If the rescue disk can identify the ransomware, but not decrypt the files that it’s locked, all is not lost. Ransomware is constantly being analysed by security security specialists. You first ports of call should be Emisoft, which specialises in creating decryptors, and Europol’s No More Ransom, which will help you identify your ransomware and find a decryptor for it.

If you have to boot the system, disconnect it from all wired and wireless networks. This can prevent the ransomware from encrypting network drives, stop it from spreading to other deivces of the network, help prevent copies of your personal files from being stolen, and block secondary activites of the malware, such as using your PC for cryptocurrency mining.

If your system disk has already been fully encrypted, and you can’t decrypt it, you’re left with two choices. If the hard disk contained genuinely important or irreplaceable files, you can remove it, label it, store it somewhere safe, and keep an eye out for the release of a decryptor. These might be reverse engineered, released by ransomware groups when they cease business, or even stolen and released by security researchers working against the malware creators, as in the case of March 2022’s Conti leak.

If you’ve been keeping backups, by far the best and quickest way to deal with a ransomware-infested PC is reinstall the operating system and restore your data from backups.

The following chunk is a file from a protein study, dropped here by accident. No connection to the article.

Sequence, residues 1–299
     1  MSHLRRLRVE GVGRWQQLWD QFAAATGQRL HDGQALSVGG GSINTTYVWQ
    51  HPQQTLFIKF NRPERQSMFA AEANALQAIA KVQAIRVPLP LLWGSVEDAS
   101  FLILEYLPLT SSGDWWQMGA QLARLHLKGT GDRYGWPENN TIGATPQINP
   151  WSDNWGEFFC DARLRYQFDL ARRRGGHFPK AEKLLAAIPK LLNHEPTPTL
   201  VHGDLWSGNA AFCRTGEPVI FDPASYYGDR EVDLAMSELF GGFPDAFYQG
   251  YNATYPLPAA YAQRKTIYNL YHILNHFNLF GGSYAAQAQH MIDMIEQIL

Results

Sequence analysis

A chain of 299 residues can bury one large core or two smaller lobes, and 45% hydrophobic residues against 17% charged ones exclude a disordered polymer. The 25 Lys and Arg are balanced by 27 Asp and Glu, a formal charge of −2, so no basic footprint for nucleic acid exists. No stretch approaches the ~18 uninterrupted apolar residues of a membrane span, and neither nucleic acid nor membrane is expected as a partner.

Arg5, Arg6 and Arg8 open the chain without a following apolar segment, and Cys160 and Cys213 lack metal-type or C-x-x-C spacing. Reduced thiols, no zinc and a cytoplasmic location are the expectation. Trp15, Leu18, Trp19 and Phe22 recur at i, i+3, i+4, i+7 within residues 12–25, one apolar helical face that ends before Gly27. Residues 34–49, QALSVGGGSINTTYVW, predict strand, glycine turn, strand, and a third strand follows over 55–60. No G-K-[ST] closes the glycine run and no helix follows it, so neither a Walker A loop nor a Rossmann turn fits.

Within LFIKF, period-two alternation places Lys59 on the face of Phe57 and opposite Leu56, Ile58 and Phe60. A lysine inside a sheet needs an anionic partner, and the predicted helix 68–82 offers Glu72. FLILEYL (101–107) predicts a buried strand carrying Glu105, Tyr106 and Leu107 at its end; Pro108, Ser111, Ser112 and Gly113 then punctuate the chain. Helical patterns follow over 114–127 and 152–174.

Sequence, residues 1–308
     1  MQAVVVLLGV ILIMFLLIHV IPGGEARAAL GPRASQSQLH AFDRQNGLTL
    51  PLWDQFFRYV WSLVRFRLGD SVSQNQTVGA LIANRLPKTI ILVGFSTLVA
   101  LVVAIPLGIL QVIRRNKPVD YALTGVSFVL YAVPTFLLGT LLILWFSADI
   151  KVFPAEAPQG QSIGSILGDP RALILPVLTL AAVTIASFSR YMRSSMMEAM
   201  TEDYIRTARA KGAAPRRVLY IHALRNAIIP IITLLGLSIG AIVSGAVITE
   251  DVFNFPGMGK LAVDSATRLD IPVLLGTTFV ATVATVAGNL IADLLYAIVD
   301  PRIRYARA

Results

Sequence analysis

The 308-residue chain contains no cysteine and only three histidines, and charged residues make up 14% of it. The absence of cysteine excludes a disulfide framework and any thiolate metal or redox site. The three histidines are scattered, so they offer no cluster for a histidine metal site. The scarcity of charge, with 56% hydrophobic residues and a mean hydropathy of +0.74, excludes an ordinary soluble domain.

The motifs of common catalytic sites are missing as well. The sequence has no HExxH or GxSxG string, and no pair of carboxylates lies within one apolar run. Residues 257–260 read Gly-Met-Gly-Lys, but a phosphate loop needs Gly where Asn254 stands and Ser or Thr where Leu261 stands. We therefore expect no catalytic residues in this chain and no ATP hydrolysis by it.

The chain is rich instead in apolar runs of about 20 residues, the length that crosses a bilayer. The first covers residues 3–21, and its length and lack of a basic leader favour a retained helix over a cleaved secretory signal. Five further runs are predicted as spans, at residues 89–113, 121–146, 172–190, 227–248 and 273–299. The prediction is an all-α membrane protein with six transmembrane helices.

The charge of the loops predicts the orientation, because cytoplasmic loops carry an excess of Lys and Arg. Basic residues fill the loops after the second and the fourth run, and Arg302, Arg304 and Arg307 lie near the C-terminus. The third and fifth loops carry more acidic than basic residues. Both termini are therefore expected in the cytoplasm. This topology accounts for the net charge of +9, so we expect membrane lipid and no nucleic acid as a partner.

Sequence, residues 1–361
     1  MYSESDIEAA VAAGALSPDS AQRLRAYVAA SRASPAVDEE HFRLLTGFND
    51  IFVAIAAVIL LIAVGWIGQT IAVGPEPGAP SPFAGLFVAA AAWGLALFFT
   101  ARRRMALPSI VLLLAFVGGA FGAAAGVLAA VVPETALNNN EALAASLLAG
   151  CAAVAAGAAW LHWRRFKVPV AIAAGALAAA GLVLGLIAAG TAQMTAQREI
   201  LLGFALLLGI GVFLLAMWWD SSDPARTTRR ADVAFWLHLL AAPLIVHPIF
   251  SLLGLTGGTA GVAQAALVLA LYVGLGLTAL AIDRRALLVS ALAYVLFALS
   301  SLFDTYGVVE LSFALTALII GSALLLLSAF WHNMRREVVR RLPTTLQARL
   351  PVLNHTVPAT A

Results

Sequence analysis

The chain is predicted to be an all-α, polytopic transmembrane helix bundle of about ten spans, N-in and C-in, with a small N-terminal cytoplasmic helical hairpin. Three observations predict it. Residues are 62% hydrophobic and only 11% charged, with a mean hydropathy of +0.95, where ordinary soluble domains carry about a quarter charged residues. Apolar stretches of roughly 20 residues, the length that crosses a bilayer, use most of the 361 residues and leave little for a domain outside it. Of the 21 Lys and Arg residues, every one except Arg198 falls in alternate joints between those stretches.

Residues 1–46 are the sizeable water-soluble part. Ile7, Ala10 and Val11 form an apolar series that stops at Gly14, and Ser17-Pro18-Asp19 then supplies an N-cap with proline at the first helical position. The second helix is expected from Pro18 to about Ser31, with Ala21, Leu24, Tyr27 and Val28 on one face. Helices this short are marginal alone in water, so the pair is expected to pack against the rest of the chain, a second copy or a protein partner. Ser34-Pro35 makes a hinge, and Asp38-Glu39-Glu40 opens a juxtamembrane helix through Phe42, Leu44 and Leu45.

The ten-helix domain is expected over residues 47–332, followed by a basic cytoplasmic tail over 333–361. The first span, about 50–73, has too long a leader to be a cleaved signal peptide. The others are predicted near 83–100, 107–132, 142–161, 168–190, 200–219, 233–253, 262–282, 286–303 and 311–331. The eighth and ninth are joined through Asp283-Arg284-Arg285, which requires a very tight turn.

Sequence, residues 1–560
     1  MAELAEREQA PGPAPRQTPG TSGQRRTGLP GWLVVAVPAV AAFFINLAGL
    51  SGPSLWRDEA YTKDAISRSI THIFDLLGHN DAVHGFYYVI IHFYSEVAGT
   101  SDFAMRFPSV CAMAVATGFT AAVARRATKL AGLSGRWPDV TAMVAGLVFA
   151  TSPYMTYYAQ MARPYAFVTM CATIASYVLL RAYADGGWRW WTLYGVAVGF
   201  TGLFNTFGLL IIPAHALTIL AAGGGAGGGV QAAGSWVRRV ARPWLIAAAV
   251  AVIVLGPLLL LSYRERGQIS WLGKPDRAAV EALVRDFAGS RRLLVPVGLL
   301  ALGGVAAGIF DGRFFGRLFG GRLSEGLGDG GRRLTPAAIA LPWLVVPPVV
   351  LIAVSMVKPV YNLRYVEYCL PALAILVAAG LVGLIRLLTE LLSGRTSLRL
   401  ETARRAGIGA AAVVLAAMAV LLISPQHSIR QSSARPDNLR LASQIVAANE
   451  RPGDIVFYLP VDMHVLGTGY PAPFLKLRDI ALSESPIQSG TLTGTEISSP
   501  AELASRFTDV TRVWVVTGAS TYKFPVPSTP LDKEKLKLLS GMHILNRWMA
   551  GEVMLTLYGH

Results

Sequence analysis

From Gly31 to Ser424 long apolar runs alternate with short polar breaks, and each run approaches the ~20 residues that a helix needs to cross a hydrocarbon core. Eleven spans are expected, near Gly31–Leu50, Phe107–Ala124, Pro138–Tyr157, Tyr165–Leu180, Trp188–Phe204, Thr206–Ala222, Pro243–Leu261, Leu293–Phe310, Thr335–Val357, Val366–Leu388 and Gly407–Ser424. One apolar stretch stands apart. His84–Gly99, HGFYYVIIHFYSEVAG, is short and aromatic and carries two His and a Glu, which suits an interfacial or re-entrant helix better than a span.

If you’re in the UK, report the attack to the National Cyber Security Centre.

Don’t pay the ransom. Your money will prop up organised crime and there’s no guarantee that you’ll ever get a functional decryptor.

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How to protect against ransomware?

  • Make sure your antivirus software, such as Microsoft Defender, is up-to-date.
  • Enable ransomware protection in Windows’ security settings.
  • Make sure you keep backups in at least two places, one of which is kept off-site (out of the house, for home users). Cloud backup and sync services are ideal for this.
  • Don’t leave your local backup disk plugged into your PC, or its contents could be encrypted, too.
  • Use version control in your backup software to ensure that, even if you accidentally back up files after they’ve been encrypted, an older version will be available to download.